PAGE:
By the time Tom Hanks and Meg Ryan AOL'd each other in You've Got Mail, it had become clear that the Internet was going to change every aspect of our lives forever -- including love and romance.
Phishing, fake profiles, and ads for escorts continue this tradition today.
Early 1900s: The Lonely Rural Farmers, Ranchers and Shepherds Around the turn of the last century, personal ads enjoyed a renaissance of popularity, especially in the Western US with low populations and the harsh realities of rural life without a partner.
Hardly a week goes by without another new think piece about online dating either revolutionizing society or completely ruining our ability to have real relationships.
But these hyperbolic pronouncements miss a deeper fact: At its core, "online dating" isn't something we just started doing 5, 10 or even 20 years ago.
maybe not that much has changed for the one percent?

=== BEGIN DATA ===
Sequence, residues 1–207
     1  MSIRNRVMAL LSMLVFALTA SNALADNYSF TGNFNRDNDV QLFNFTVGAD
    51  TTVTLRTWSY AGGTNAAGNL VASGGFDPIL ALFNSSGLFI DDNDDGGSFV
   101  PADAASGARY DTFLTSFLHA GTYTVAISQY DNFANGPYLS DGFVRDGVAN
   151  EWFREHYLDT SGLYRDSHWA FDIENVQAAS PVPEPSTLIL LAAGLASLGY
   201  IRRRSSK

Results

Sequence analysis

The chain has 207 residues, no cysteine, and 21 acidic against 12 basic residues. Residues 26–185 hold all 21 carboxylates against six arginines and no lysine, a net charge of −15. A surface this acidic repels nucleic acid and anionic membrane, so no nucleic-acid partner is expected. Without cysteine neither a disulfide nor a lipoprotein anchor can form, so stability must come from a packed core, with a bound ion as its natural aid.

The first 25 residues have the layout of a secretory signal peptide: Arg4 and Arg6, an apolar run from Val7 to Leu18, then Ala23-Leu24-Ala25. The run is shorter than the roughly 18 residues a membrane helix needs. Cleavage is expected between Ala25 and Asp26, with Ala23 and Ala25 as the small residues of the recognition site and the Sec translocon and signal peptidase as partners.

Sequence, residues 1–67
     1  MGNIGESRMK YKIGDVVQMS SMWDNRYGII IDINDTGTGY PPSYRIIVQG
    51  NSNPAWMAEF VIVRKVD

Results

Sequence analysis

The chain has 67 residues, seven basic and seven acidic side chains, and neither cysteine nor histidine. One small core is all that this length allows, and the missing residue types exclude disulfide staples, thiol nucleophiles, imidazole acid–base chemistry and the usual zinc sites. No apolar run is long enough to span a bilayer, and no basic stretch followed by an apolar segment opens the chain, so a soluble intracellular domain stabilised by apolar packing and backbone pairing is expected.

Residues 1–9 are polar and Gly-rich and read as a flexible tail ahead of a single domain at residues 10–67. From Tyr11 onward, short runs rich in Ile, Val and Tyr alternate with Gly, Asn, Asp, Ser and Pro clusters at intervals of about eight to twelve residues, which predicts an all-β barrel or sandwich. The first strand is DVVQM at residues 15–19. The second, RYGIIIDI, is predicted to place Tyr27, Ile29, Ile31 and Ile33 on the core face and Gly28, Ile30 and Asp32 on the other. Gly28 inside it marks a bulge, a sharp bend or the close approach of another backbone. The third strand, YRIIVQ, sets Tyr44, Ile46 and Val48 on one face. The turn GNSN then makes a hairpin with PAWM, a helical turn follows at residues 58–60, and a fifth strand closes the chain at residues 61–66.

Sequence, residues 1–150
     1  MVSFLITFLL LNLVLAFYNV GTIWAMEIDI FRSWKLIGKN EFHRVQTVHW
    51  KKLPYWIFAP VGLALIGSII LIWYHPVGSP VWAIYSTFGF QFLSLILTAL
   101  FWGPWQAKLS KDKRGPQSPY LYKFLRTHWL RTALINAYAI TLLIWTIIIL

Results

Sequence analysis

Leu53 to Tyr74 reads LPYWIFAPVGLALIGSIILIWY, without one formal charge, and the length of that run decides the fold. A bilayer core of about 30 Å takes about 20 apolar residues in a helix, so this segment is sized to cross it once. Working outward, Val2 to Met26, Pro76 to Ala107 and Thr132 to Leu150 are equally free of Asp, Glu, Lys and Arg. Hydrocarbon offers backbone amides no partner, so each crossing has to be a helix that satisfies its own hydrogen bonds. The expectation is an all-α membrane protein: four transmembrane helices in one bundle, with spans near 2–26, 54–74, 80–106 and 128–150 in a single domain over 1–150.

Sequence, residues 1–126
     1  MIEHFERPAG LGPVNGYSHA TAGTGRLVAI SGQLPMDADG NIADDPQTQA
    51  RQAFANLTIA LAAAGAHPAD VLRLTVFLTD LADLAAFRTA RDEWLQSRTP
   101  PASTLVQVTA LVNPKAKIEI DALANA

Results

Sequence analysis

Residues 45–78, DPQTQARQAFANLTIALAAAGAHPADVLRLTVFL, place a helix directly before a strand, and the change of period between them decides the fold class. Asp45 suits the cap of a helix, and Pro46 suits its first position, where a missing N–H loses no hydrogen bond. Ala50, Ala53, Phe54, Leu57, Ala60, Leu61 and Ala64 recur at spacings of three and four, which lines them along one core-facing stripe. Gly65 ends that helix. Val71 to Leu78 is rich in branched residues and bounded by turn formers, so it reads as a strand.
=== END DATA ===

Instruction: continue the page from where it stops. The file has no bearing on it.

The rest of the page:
) Mid 1800s: The General Public Follows In the mid-19th century, the need to advertise for a husband or wife was still considered a "failure" and associated with deviant behavior for many judgmental straight, white, middle-to-upper class people.1800s: Aristocrats Catch On Always on the lookout for ways to exploit media for their own ends, aristocrats in the 1800s used personal ads to broadcast their interest in romantic engagements that seem scandalous by today's standards.An 1841 ad in the Journal of Munich tells of a 70-year-old Baron seeking a woman "between 16 and 20 having good teeth and little feet." (Well...For , users could answer questionnaires and receive a list of potential matches, a process that is still used by many dating sites.1990s-2000s: Second Wave of Mainstream The explosion of the Internet in the mid-to-late 1990s created a new context for personals, and by the end of the decade, they had become relatively acceptable.If we are going to improve the way people meet one another, we're going to have to do so by questioning the existing paradigms of online dating and figuring out how to do it better.